Have you ever felt pain?
Not the one you feel when you bleed, when you bruise an arm or you hit your toe on the corner of the chest you keep in your living room…not that kind of pain. I’m talking about the one that doesn’t go away with doctors, and ointments and medicine…the pain the lodges itself in your head, but mostly in your heart. That’s the one I’m referring to.
I did. I do.
I have had my share of heartache or heartbreak (as songs and books so often call it). But never had I thought about it as much as I have been doing lately.
I’ve always prided myself on being rational, as much as emotional, on being able to step out and have a look at the bigger picture without really detaching myself from the situation. Of having an optimistic view on life and the chances she presented me everyday: be it a person, an object, a situation…anything!
Because, how could I let my life be ruled by the only wrong thing in it, if there were so many more to put a smile on my face? It wouldn’t be fair for me or for anybody else of my acquaintance.
But what if everything in your life collapsed at once? Would you be able to feel the pain then?
A friend once told me I had a very noble way of dealing with pain. I told her it wasn’t noble. It was just the only way I knew how. And where she might have yelled and slammed the door, I smiled and very quietly cried myself to sleep, once in a while (when my bedroom door was closed and everybody else had gone to sleep). Then I would wipe my tears and blow my nose, and I would stare at the ceiling for a very long time…I would think about all my lost chances at happiness and the “what ifs” kept piling up.
Till this one night, when I got a clear image of what I thought my love life had been so far.
Ok…after this you might find my idea funny, I know I laughed at it the first time it came to my mind, but it couldn’t have worked better. I’m an actress and director after all, I’m bound to be a visual person!
Picture the heart as a house. You own house. A place where you feel safe to be the yourself the most.
Now imagine you had some visitors. People you may or may not know so well (you guessed right! this is the part where the boys come in…literally).
I would open the door, we would greet each other, I would invite them in and we would sit in my couch.
Like a good host, I would try to find a TV show they’d like and turn the TV on; or maybe find a song they loved and play it on my stereo; a book they cherished and discuss it; or simply sit down and have a chat. Simple things. Friendly things.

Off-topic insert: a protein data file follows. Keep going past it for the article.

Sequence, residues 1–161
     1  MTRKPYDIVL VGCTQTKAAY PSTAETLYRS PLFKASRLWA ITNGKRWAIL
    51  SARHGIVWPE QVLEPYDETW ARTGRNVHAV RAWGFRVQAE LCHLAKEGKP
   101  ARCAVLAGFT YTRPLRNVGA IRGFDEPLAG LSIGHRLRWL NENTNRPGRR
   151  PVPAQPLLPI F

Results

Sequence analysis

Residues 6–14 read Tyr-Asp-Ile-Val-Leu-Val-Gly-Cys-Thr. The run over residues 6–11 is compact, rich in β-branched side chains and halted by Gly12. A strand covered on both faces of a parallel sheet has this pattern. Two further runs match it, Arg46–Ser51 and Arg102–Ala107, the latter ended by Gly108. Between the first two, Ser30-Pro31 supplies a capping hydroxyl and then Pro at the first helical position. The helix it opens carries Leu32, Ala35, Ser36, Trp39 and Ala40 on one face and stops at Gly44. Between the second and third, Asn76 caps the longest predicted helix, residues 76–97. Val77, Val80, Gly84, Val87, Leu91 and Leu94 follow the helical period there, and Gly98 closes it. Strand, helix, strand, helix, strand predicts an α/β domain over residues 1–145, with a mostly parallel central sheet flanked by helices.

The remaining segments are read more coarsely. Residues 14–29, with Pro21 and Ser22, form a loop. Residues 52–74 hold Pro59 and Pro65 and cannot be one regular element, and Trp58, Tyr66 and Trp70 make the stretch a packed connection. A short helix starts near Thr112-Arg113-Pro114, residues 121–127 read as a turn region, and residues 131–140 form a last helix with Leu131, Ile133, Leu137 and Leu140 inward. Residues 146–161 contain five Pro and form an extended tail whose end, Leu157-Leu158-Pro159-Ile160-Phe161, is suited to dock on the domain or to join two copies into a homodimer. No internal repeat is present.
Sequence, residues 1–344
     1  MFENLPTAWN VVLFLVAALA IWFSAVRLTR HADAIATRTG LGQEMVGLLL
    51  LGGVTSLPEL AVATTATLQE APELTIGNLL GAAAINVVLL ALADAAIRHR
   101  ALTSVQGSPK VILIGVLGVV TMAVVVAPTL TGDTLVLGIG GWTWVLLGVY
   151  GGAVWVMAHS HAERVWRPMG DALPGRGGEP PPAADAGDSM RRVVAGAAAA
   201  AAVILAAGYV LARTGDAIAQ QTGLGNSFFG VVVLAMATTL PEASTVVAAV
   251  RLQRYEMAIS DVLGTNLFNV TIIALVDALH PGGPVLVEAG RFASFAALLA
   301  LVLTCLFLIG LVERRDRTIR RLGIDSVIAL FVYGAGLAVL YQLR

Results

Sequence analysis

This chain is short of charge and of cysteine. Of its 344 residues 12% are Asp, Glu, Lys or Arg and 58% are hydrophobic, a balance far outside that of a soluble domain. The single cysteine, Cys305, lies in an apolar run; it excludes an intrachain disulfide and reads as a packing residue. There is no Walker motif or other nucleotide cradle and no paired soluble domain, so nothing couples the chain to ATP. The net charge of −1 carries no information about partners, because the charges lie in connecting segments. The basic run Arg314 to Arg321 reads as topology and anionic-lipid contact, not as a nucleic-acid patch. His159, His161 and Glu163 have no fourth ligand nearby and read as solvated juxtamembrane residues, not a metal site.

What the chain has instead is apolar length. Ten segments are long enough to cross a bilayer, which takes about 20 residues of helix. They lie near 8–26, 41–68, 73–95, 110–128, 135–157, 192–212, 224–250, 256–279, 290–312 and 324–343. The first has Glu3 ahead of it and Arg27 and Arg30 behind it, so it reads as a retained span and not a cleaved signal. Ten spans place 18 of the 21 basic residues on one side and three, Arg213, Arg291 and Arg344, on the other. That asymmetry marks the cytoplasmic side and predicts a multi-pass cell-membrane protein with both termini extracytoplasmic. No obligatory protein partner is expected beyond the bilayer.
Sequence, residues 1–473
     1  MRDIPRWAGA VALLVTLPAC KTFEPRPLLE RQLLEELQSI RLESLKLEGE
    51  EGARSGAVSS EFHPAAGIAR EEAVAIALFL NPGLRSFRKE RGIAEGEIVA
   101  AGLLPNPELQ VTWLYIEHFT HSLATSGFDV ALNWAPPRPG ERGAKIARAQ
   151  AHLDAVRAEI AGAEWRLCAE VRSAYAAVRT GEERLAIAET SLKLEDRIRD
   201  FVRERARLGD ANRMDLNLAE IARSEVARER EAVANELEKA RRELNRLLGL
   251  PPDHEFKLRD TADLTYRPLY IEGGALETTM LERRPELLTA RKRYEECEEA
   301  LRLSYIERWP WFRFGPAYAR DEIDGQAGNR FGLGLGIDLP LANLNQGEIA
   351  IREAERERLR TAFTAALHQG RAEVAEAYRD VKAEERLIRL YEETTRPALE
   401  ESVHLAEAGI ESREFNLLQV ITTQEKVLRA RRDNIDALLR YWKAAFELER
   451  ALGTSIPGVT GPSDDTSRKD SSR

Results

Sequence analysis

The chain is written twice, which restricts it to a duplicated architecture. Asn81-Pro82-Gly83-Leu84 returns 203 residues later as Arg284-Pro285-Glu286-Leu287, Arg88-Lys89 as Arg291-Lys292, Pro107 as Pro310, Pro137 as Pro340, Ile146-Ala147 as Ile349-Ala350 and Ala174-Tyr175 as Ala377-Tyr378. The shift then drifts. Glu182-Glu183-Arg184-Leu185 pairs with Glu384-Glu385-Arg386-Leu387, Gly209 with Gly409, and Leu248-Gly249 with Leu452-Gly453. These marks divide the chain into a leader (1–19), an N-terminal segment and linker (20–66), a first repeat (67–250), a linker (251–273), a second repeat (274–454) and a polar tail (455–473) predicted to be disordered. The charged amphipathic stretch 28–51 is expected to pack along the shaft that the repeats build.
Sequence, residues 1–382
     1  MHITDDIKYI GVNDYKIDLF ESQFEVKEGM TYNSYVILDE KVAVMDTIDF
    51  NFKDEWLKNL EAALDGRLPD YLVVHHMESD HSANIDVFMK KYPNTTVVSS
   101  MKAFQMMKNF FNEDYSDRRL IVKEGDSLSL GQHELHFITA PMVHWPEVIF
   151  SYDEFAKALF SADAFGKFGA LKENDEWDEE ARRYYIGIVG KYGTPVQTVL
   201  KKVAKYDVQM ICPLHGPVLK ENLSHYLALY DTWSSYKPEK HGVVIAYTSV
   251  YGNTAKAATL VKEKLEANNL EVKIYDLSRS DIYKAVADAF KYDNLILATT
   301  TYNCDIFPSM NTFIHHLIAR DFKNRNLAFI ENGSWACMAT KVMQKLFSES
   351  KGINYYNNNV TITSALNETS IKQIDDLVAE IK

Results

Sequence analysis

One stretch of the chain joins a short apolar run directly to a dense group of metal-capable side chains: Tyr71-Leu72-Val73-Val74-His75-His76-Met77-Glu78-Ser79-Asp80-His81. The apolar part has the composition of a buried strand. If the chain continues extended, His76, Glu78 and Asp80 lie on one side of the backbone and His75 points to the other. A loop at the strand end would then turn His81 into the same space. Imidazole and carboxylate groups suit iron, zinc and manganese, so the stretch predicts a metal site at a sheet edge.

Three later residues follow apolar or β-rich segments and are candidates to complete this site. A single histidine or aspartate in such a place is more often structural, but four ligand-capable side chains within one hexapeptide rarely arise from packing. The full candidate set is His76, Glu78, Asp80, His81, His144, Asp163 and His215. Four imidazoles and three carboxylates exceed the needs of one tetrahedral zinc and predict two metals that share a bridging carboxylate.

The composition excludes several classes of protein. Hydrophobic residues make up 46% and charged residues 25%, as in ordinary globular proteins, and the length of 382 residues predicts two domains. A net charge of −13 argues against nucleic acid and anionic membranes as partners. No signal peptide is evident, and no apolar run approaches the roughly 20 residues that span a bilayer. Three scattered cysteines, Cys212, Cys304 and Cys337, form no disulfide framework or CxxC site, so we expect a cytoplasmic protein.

Some of them had to attend their own businesses afterwards so they left. But there were some who stayed for lunch or dinner. Those got to know a bit more about me as I did about them: they discovered my mom’s wonderful cooking, my dad’s delicious coffee, my brother’s wine collection and my passion for baking! Like the tiles on the kitchen walls, everything would start to fit together.
Next came the corridor: photos of family and friends. Stories caught in a single click. Babies, smiles, birthdays, dances, tears, hugs, children, holidays, graduations, grown-ups, all spread on the wall in beautiful wooden frames – memories.
At last the door to the bedroom would appear. Sadly, some excused themselves even before I placed my hand on the doorknob, but for the few who stayed the door slowly opened. Don’t ask me what they saw inside…it is my room after all, I wouldn’t like to show it so freely to everyone…nobody does. Besides, this is actually the place where I can be myself the most – with all my flaws, and quirks, and singularities that make me a person different from all the others you have met.
Good friends would jump on my bed and sleep over a few times. But they had their own hearts to attend to, so they eventually left.
But when it came to that one person who would say they wanted to spend each moment of their life in that room, with only you, there was no one left.
That’s when the pain started. And I lost the will of asking anyone to stay. They would come and go and with every click of the front door lock, my heart clenched and it stung. Each time it did, a sigh with leave my lips and I would go to sleep and wait for the next day.
Three visits, three friends, three boys, three chances, three pleas, three runaways, three heartbreaks.
They say “three is a magic number”, but will four be able to stop the pain?
I don’t know and nobody else does, I guess…when the time comes we’ll see.
Until then I’ll stay still and let the pain get in once in a while. Let her roam the halls of my small house and maybe enter my room for a few minutes, a few hours, a few days.
After all, we don’t always have to feel okay, right?